Stripe Rust Threat Increases for the 2024 Season

Stripe rust on wheat leaf.

The risk from stripe rust increased nearly 10% in Dr. Xianming Chen’s, USDA-ARS plant pathologist, most recent forecast released March 1.  His current forecast calls for 51% yield loss on highly susceptible varieties compared with 42% in the January forecast. These predictions are based on weather data from November 2023 through February 2024.  In my last update, I noted that the forecast did consider the amount of stripe rust present in commercial fields; unfortunately, this forecast includes survey data that identified multiple fields near Walla Walla, Almira, and southern Adams County along highway 21 with actively sporulating stripe rust pustules. These observations demonstrate that the stripe rust fungus survived the winter and spores are available to spread the rust. Such early appearance of stripe rust in commercial fields has not been observed since February 2011.

It’s important to remember that these yield loss estimates are based on a highly susceptible variety that is not grown commercially. However, that does not reduce the potential severity of stripe rust this season, which for current commercially grown varieties rated 5-9 (moderately to highly susceptible) ranges from 9 to 33% yield loss without fungicide application. Consequently, early season prophylactic fungicide application is recommended for fields planted with winter wheat varieties rated 5 to 9 (moderately to highly susceptible) at the time of herbicide application. Varieties rated 1-4 likely won’t benefit from a fungicide application based on Dr. Chen’s research.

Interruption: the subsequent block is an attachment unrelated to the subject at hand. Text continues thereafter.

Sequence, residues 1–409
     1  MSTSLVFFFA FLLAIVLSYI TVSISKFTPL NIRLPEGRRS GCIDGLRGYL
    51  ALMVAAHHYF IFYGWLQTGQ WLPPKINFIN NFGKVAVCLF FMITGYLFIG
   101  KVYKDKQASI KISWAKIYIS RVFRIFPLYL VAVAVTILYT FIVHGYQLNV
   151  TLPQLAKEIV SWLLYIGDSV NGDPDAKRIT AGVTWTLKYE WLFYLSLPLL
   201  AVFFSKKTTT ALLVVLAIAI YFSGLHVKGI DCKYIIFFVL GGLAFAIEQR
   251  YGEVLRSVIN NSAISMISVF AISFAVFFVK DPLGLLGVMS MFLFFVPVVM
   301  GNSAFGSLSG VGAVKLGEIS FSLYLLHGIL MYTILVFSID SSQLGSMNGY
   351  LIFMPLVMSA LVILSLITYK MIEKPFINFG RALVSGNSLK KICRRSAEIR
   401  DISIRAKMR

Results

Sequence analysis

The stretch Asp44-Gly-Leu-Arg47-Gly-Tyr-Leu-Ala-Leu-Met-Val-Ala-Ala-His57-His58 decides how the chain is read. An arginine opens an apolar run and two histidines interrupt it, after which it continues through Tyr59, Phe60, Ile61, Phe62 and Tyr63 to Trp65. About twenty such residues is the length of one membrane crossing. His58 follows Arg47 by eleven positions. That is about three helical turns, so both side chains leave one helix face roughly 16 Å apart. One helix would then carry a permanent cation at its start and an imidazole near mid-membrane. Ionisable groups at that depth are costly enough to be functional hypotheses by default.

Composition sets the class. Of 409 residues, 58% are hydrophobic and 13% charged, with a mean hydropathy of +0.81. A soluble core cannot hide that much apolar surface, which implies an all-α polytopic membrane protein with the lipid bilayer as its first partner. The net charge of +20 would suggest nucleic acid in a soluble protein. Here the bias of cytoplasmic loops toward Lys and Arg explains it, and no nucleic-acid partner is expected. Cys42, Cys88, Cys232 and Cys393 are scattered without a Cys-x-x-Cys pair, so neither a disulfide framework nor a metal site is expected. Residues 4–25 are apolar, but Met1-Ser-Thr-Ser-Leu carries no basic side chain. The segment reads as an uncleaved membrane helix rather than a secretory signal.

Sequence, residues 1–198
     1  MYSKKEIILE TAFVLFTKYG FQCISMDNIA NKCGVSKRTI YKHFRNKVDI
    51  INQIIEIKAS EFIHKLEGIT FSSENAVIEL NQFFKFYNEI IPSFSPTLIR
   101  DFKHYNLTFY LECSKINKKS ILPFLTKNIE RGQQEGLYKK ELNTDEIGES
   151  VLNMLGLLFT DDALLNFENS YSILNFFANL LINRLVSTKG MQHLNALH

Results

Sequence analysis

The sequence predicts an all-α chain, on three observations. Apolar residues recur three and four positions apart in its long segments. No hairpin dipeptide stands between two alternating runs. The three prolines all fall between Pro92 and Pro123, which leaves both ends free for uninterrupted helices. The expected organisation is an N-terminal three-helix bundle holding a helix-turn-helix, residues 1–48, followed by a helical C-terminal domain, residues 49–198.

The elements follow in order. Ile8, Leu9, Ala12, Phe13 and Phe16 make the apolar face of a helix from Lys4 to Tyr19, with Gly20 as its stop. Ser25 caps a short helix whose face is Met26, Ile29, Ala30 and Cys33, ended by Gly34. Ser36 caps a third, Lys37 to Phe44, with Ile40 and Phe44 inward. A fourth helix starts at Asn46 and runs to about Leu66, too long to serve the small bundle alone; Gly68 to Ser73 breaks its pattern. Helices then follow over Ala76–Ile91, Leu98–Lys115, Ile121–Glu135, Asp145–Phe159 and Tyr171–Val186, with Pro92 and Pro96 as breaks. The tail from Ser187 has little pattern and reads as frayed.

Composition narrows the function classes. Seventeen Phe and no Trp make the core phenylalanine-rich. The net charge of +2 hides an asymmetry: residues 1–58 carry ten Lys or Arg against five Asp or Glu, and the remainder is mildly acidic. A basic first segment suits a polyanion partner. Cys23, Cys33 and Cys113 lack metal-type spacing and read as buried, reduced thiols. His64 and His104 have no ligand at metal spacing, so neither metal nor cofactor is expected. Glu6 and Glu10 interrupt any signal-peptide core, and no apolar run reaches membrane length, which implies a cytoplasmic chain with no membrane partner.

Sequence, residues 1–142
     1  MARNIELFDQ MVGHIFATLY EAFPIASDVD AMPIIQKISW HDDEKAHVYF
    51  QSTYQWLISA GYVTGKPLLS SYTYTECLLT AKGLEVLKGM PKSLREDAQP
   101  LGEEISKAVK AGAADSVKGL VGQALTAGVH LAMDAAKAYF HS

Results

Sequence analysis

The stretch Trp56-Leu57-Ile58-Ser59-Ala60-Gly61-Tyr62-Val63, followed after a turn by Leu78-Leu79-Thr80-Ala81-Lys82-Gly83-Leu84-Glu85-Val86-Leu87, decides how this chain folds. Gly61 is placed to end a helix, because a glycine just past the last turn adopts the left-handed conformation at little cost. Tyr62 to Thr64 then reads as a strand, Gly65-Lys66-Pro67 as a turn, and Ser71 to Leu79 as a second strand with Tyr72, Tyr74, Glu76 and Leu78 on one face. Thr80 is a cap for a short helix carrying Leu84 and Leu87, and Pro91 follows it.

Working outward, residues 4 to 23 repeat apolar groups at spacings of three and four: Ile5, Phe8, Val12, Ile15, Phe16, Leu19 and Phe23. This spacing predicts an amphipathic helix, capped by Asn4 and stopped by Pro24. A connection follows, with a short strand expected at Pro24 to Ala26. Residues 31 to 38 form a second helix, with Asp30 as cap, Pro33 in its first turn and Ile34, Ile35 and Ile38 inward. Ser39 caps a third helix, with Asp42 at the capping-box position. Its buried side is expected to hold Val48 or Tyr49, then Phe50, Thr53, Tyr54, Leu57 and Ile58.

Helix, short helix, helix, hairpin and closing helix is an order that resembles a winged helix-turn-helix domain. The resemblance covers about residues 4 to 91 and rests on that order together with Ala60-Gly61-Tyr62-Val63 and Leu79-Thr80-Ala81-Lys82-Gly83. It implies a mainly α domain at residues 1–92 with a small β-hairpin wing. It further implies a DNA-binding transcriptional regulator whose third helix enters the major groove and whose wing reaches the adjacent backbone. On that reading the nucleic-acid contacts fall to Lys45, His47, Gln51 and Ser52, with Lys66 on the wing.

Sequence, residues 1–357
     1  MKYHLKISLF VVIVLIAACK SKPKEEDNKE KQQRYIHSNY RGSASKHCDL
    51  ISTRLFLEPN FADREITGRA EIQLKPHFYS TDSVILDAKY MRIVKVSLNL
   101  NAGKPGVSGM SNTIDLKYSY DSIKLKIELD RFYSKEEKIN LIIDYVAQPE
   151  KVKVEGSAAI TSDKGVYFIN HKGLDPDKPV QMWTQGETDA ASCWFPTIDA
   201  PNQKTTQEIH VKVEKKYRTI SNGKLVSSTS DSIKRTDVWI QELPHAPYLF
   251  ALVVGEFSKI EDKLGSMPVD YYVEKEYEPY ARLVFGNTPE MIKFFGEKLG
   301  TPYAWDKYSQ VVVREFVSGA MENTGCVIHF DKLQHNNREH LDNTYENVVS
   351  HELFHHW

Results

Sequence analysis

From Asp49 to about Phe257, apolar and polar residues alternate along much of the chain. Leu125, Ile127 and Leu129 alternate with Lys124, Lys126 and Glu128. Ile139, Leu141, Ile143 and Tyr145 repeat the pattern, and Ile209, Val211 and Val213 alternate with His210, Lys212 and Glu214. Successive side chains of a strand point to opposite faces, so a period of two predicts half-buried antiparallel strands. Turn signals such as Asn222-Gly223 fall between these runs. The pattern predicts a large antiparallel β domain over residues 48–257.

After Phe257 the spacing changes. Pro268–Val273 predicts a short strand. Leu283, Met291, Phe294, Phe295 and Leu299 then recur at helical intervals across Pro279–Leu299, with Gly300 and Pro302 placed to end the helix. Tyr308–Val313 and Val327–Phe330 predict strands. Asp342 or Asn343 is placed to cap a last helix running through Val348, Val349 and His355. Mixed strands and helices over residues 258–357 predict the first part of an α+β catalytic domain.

A second fungicide application may be needed 20 to 30 days after the first application, depending on the material applied and the weather. Whether a second application is needed is best determined by scouting fields and looking for active stripe rust on 1-5% of the flag leaves. In general, single mode of action fungicides will provide about 3 weeks of protection, and those with two or three modes of action will provide another 7-10 days of protection.

Given this current prediction, I encourage you to carefully consider spring wheat stripe rust resistance variety ratings (available on the website) and select the most resistant variety possible, preferably rated 1-4, for your production area. These varieties are unlikely to benefit from a fungicide application.

Stay tuned for more rust updates as conditions change. In the meantime, you can find additional information about stripe rust, including photos showing rust percentage under the Foliar Fungal Diseases and updated rust ratings for winter and spring wheat varieties in my presentation “Diagnosing and Managing Diseases of Wheat” from the 2023 Wheat Academy in the Disease Resources section of the WSU Wheat and Small Grains website.

Tim Murray.

For questions or comments, contact Tim Murray via email at, via phone at (509) 335-7515, or by following him on Twitter @WSUWheatDoc.